One of a series of six special columns written by Catholic women on family planning issues.
As a practicing general pediatrician, I occasionally get asked to prescribe contraceptives. The reasons are varied: from contraceptive desires to abnormal bleeding, and even for acne.
People ask very casually for "the pill" and are often surprised when I tell them I do not prescribe them. Generally, after explaining that I have theological and medical concerns about the pill and sharing some of the medical reasons, the patients are satisfied. If there are medical concerns that need addressing, then I work to find a solution for them or I help them find a gynecologist I trust to address their needs.
I entered medical school as a convert to the Catholic faith, dedicated to the message of natural family planning and the Theology of the Body, and I quickly found that this was too countercultural. Oral contraceptives are the norm. They are so prevalent that people often overlook their side effects. Thus, we forget to question their safety or why the Church objects to their use in marriage.
People often point out that there are medical conditions which require women to be prescribed hormonal contraceptives. While there are conditions that warrant the use of hormonal treatments (and women should discuss these with their doctor), the most common reason is for contraception. A woman may take hormones for one, five or even 10-plus years to prevent pregnancy, which is a medical condition, not a disease.
As Catholics, we believe pregnancy begins at conception. This leads to one of the first objections to hormonal contraceptives: they can be abortifacients. While the goal is to prevent ovulation, this doesn't always happen. In cases where an egg is fertilized, most pills also work by thinning the lining of the uterus, making it uninhabitable to the fertilized egg. By doing this, the embryo will not implant, or it may be sloughed off after implantation because the uterus cannot sustain the life. The medical community and drug companies will say that these drugs are not abortifacients because the definition of pregnancy begins at implantation. As Catholics, however, we believe that a life is created at fertilization -- the moment when there is a unique set of DNA.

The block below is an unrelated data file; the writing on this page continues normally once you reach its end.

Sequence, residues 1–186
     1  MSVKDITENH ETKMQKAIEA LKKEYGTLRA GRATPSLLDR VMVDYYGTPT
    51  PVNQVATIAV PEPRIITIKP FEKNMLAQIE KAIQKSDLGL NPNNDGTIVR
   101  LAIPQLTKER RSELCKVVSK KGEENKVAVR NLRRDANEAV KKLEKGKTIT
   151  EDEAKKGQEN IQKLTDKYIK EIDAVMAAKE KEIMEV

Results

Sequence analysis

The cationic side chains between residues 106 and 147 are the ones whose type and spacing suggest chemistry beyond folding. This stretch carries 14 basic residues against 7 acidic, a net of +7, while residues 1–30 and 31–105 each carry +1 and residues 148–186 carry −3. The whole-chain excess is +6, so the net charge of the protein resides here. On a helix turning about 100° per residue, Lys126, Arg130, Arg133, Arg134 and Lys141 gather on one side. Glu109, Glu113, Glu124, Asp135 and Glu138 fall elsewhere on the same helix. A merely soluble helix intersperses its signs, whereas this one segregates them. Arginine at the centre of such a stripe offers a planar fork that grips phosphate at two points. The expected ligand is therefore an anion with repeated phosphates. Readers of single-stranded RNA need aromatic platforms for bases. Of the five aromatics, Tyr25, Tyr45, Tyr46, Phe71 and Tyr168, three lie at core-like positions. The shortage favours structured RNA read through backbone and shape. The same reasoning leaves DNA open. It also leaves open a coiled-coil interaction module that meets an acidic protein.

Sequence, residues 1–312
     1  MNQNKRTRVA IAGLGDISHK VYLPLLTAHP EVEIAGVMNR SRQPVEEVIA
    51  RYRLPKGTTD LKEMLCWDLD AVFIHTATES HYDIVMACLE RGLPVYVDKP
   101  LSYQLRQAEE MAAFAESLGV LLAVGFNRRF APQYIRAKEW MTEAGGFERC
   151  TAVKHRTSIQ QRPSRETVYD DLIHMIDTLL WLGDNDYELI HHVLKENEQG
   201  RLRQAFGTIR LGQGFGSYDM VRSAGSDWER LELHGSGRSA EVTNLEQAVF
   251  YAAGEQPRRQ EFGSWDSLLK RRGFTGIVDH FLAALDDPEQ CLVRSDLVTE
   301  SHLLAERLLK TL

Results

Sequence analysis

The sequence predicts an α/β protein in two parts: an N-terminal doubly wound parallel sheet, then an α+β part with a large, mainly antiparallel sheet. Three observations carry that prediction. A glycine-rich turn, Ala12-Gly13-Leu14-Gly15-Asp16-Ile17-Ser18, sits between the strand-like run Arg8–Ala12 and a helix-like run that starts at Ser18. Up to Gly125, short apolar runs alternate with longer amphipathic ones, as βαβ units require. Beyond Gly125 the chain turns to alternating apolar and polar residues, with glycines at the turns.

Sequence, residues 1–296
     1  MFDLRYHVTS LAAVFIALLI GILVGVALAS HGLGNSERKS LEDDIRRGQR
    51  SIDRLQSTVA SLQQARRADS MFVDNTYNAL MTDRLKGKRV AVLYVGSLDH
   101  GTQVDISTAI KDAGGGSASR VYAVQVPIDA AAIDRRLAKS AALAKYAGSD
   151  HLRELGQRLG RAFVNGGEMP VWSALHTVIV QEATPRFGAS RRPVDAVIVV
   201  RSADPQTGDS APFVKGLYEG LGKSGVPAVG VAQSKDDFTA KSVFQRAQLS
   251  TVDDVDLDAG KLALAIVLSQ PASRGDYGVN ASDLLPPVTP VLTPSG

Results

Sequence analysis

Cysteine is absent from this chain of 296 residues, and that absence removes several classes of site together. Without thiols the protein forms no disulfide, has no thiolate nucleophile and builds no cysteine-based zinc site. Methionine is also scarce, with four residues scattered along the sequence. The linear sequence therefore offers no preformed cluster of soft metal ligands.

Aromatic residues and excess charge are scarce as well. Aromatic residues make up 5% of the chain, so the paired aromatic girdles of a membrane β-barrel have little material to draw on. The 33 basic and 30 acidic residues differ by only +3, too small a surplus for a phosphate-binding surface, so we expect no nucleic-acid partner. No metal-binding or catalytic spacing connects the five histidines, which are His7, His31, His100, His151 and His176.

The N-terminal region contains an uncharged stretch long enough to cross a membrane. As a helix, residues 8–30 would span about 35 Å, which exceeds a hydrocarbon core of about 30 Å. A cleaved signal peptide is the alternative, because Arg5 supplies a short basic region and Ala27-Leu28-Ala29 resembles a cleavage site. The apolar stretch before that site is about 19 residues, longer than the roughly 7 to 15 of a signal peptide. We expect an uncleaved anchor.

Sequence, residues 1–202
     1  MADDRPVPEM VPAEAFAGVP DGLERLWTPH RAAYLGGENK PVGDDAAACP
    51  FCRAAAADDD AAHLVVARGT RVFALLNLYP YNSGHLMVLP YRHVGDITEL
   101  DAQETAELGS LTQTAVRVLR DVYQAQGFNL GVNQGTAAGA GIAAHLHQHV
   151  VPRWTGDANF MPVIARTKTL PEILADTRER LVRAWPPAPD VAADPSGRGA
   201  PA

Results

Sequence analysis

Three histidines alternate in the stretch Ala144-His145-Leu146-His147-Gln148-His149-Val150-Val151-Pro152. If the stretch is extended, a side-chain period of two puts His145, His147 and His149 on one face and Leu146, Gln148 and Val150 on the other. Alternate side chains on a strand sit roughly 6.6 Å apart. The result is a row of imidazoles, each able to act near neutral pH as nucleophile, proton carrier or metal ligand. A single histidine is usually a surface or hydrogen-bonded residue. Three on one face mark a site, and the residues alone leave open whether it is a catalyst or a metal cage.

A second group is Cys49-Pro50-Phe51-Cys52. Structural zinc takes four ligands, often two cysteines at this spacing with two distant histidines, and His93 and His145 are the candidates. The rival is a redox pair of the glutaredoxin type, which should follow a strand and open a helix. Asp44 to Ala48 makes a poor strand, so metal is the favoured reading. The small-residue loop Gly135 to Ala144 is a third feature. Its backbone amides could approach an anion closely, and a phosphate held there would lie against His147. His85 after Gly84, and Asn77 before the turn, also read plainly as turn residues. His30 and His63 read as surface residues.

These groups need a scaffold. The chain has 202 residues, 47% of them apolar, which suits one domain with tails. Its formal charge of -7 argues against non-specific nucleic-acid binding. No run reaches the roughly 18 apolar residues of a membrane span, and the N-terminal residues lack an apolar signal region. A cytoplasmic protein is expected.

My other concerns with oral contraceptives are their medical side effects. Hormonal contraceptives are often accompanied by side effects, such as mood changes, irregular bleeding, nausea, weight gain, decreased libido and breast tenderness. These types of side effects might be tolerable to some women, but what about side effects such as increased blood pressure, blood clots, heart disease or stroke? While these might be tolerable for a medication treating infection or cancer, is it worth it to treat a normally functioning body?
In today's world, where natural diets are popularized and people will go to lengths to buy organic food grown without hormones or antibiotics, it is surprising how easily we will put hormones into our own bodies when they are well. The Church encourages a different approach. It's radical. It's healthy. It's free. Natural family planning allows us to understand our bodies' normal functioning and helps us to interpret our patterns of fertility -- without any unnecessary side effects. NFP allows me to understand and work with my own fertility naturally, without compromising my embrace of the fullness of Catholicism.
Dr. Anna Ostrom lives in Little Rock with her husband Brad and their two children. They attend the Cathedral of St. Andrew in Little Rock.
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